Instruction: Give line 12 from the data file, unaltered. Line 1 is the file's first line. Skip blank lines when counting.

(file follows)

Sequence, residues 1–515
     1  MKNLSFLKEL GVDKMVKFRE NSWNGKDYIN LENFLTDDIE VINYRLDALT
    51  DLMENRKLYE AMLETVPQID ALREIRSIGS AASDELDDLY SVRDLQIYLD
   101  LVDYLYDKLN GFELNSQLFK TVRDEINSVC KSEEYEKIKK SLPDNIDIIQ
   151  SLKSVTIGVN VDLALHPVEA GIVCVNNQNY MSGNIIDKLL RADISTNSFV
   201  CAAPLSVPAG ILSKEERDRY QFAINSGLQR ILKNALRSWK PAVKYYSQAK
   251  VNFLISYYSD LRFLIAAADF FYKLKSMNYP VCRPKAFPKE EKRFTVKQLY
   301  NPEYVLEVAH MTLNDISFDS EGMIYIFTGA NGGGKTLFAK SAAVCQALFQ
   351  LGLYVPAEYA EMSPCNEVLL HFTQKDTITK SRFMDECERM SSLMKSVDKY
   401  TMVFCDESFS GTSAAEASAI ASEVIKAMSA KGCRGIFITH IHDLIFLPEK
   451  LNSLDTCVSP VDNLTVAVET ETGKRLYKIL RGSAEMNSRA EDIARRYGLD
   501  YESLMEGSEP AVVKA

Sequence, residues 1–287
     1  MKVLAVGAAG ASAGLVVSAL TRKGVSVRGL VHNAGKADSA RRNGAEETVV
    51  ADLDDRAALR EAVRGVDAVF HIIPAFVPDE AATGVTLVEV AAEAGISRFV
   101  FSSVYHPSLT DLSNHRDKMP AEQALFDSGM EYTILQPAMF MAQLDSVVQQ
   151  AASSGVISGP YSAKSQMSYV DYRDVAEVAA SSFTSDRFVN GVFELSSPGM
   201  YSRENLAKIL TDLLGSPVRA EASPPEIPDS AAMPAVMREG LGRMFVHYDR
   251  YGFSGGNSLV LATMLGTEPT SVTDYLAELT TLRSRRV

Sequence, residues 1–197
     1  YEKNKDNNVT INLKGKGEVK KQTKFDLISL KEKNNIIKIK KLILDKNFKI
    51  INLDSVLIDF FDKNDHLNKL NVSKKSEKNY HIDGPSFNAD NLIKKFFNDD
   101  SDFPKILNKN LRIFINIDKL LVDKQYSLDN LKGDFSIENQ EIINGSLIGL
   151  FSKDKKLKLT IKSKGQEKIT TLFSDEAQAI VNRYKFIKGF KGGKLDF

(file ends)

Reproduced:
   501  YESLMEGSEP AVVKA